Lead and Drinking Water

Lead, unlike many other drinking water contaminants, is usually not present in the drinking water source, but rather results from the distribution system or on site plumbing itself.

Clean Water Action comments on EPA's proposed revisions to the Safe Drinking Water Act's Lead and Copper Rule

Clean Water Action and Clean Water Fund respectfully submit these comments regarding the Environmental Protection Agency (EPA) National Primary Drinking Water Regulations: Proposed Lead and Copper Rule Revisions.

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From We All Live Downstream

EPA office building
February 13, 2020

As I watched a February 11 hearing about regulating lead at the tap, I experienced one of those “Opposite Day” episodes where two objective realities collide. I listened to 7 witnesses talk to the U.S. Congress about the proposed revisions to the Safe Drinking Water Act Lead and Copper Rule. My colleague Kim Gaddy, who lives in Newark, talked about what the Environmental Protection Agency (EPA) should do to improve the proposal.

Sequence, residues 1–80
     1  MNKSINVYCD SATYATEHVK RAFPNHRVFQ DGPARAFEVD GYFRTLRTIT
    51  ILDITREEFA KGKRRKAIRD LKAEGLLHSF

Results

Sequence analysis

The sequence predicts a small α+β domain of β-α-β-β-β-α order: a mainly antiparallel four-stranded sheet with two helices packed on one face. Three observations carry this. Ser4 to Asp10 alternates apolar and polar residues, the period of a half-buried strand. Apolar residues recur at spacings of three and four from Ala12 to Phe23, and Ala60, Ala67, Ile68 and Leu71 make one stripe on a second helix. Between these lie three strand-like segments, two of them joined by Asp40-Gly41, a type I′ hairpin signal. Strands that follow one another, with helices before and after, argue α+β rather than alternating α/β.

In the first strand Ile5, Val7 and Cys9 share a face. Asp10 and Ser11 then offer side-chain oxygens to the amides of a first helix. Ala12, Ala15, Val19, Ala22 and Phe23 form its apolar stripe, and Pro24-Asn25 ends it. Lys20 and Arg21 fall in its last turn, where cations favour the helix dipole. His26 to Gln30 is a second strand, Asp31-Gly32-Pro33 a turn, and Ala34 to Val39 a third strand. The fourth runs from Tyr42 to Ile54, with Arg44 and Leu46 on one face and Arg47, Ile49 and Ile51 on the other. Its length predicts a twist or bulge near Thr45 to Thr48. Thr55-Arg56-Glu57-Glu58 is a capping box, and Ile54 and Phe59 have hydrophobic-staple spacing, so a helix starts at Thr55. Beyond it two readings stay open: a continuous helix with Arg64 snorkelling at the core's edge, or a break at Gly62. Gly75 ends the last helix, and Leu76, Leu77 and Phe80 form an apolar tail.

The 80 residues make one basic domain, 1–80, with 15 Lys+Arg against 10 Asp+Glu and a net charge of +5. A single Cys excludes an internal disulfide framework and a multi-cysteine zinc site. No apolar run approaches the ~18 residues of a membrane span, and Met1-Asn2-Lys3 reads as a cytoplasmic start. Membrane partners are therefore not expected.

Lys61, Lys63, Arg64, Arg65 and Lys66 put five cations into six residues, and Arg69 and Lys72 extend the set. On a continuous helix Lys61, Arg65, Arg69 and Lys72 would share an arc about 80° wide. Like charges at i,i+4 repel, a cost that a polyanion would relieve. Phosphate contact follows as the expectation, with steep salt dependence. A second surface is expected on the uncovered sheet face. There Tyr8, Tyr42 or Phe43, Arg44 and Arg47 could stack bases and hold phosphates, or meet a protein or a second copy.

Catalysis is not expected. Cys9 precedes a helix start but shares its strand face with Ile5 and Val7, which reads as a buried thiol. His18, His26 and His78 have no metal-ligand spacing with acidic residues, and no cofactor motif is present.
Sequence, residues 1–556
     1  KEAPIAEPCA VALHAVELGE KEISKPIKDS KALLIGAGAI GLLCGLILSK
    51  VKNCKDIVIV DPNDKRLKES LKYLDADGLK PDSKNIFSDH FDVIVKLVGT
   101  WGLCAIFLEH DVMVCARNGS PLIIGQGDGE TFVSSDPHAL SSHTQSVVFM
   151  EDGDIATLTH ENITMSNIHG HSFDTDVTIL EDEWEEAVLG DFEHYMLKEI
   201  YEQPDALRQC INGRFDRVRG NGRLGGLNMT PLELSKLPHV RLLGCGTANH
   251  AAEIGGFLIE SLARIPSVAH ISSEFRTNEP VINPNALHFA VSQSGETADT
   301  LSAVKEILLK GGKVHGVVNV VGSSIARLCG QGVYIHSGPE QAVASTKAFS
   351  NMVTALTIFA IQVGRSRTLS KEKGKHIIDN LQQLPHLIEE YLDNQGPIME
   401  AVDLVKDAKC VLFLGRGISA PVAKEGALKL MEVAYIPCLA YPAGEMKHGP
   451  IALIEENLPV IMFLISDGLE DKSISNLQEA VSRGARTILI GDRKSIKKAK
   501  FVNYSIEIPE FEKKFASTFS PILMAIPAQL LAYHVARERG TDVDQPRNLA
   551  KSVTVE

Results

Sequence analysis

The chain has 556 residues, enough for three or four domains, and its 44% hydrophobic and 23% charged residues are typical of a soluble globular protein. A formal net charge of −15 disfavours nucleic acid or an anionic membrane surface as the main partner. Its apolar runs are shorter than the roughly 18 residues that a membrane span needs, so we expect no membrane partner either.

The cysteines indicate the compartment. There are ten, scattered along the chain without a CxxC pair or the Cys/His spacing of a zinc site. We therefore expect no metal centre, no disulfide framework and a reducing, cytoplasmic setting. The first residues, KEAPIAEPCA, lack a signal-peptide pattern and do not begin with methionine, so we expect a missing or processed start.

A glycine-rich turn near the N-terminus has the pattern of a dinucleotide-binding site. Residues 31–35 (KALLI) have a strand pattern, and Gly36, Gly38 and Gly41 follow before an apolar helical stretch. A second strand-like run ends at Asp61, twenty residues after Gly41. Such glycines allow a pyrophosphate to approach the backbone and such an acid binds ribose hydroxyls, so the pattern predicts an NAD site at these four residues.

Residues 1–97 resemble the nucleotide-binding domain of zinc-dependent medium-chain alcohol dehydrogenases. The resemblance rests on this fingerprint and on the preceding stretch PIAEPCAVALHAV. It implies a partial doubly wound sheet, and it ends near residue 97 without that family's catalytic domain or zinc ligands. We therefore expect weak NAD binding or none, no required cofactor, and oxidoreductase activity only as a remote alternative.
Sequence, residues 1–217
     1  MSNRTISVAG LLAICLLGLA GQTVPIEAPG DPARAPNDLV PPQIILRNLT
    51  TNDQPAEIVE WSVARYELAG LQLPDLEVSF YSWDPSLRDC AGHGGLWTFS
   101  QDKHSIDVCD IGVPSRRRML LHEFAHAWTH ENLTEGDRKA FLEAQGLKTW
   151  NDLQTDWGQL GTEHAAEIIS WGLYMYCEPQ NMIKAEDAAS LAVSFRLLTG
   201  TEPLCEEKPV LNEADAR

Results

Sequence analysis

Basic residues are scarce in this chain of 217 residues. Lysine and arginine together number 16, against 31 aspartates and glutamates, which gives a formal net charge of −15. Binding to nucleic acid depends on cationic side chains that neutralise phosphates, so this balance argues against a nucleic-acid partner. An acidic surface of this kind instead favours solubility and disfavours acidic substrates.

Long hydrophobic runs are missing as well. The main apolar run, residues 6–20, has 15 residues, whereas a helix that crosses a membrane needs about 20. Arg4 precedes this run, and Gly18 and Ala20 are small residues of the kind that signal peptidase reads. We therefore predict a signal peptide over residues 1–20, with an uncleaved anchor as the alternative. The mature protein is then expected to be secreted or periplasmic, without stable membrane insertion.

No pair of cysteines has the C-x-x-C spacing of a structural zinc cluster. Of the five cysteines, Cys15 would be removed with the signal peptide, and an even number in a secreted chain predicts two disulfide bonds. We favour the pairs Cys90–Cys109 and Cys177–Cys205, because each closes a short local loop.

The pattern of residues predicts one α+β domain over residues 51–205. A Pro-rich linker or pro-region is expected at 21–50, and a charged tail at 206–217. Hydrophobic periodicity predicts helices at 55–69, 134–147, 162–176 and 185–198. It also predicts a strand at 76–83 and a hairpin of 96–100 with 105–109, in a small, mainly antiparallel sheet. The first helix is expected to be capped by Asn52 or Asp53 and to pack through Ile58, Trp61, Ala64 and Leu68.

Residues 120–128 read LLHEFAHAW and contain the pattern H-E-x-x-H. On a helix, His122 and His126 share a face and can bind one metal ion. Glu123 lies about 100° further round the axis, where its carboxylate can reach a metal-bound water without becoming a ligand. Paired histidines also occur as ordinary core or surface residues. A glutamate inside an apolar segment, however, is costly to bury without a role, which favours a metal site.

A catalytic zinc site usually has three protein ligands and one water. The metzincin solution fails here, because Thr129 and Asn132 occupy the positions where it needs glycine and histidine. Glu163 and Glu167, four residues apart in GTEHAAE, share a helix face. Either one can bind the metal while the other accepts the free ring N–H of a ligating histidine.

Child's picture of an unhappy person with lead in their drinking water, and a happy person with clean water. Collected at the door by canvasser Kate Brinemann.
January 24, 2020

UPDATE: The public comment period closed on February 12, 2020. Clean Water Action members submitted more than 15,000 letters and emails asking EPA to do more to protect our water and communities from lead.

Hi all! My name is Veronica Weyhrauch and I’m a Field Manager with our Maryland office. Every day the entire field canvass team, including myself, head out to knock on doors and convince people to get involved.

Three glasses of water on a table. Photo credit:  bunyarit / Shutterstock
January 22, 2020

Under current regulations, if water systems exceed the Action Level for lead, they must take a number of actions including commencing lead service line replacement at a rate of 7% annually.  EPA’s proposed LCR revisions reduce this rate to 3% while closing some loopholes and proposing other requirements that will support more efficient and effective replacement programs. While closing loopholes and putting in place other requirements to make replacement activities more effective are positive steps, EPA is  justified in lowering the required rate of replacement. When systems exceed the lead Action Level, 7% is a realistic yet ambitious rate of replacement.